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Robert R. Davila.

Assistant Secretary

Robert R. Davila

Office of Special Education and Rehabilitative Services

On July 13, the U.S. Senate confirmed President Bush's appointment of Robert R. Davila as Assistant Secretary, Office of Special Education and Rehabilitative Services (OSERS). Vice President Dan Quayle administered the oath of office to the new Assistant Secretary on July 31.

One of eight children of migrant farm-working parents who immigrated to the United States from Mexico, Dr. Davila was born on July 19, 1932. He earned a Bachelor of Arts degree in Education for the Hearing Impaired from Gallaudet College (now University) in 1953, and a Master of Science degree in Special Education from Hunter College in 1963. He holds a Ph.D. in Education Technology from Syracuse University.

Confirmation in what many experts in special education, rehabilitation and disability call the most complex job in the field represents the ultimate achievement to one who has made service to children and youth with disabilities a lifelong career. Dr. Davila has served education in various professional and administrative positions. He has taught at the elementary, junior high and secondary school levels in English, social studies and mathematics, and has served as a department supervisor at the New York School for the Deaf in White Plains, New York. At Gallaudet University, he held the post of Director, Kendall Demonstration Elementary School, and later both as a Professor of Education and as Vice President for Pre-College Programs. He held these positions until his appointment as Assistant Secretary, OSERS.

Throughout his career, national attention frequently has focused on Dr. Davila, not only during his tenure at Gallaudet University. Dr. Davila has become an international spokesman on issues affecting the education of people who are deaf and hearing impaired. Indeed, he is the first person to be elected president of the three major professional organizations in the field of deafness.

Dr. Davila is the recipient of numerous awards and honors. Among these are the Daniel T. Cloud Leadership Award from California State University, Northridge (1988); induction into the National Hall of Fame for Persons with Disabilities, Columbus, Ohio, and the Hunter College Alumni Award Hall of Fame (1987); selection as "Alumnus of the Year" by the School of Education at Syracuse University (1986); and selection in 1985 as a "Member of Honor" by La Associacion Espanola de Educadores de Sordos (A.E.E.S. -- Spanish Association of Educators of the Deaf). In receiving this honor, Dr. Davila became the first foreigner and first deaf person so elected. He was also designated "Distinguished Foreign Lecturer" at the Annual Conference of Australian Teachers of the Deaf, Melbourne, Australia (1979).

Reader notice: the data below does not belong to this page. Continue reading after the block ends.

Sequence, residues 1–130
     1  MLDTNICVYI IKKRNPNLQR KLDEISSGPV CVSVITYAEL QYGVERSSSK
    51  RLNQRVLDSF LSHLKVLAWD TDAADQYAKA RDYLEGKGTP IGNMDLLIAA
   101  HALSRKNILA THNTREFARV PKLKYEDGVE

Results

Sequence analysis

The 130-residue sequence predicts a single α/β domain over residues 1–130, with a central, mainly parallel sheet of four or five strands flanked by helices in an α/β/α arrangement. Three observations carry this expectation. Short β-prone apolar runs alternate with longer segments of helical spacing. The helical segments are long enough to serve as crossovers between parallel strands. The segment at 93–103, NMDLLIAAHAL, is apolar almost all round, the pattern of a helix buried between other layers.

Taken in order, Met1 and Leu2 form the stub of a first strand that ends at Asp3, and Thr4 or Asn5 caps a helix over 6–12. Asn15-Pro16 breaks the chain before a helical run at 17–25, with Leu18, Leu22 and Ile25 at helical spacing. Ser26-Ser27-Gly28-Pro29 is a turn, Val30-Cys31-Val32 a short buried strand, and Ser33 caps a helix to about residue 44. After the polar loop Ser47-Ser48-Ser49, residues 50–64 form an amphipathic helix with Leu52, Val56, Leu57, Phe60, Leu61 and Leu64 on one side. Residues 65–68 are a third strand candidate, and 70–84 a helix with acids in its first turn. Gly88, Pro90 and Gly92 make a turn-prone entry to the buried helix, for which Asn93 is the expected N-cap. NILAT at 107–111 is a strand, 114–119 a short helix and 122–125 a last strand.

Assistant Secretary Davila is fluent not only in English and American Sign Language but Spanish as well, and he has authored articles appearing in numerous professional journals related to education of students with hearing impairments. He has frequently presented papers on related topics at variouis national and international conferences and symposia throughout his career. Prior to his role as Assistant Secretary, Dr. Davila appeared regularly on Capitol Hill to testify as an expert witness on issues relative to deafness, hearing impairment and education and rehabilitation of people with disabilities.

Dr. Davila brings to his new position a strong determination to promote collaboration between various disability and advocacy groups and among special educators, vocational rehabilitation and research professionals. "Of course each group's needs, situations and perspectives are unique," Dr. Davila has said. "But we have an overwhelming need in common: we must advocate for all people with disabilities and insure that all our educational and rehabilitation needs... are met."

As the new Assistant Secretary of OSERS, Dr. Davila will administer an annual budget of nearly $4 billion and will have authority for federal involvement in programs affecting the nation's 36 million people with disabilities. "This opportunity is more than I ever dreamed," said Dr. Davila recently. "I believe I really can make a positive difference in the lives of individuals with disabilities and their families."

Assistant Secretary Davila has been married for the past 35 years to Donna E. Davila, who is also hearing impaired. They have two sons: Brian, a civil engineer; and Brent, an accountant. Both are graduates of the University of Maryland.
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Title Annotation:New leadership for the new decade in rehabilitation
Publication:American Rehabilitation
Date:Jun 22, 1989
Words:701
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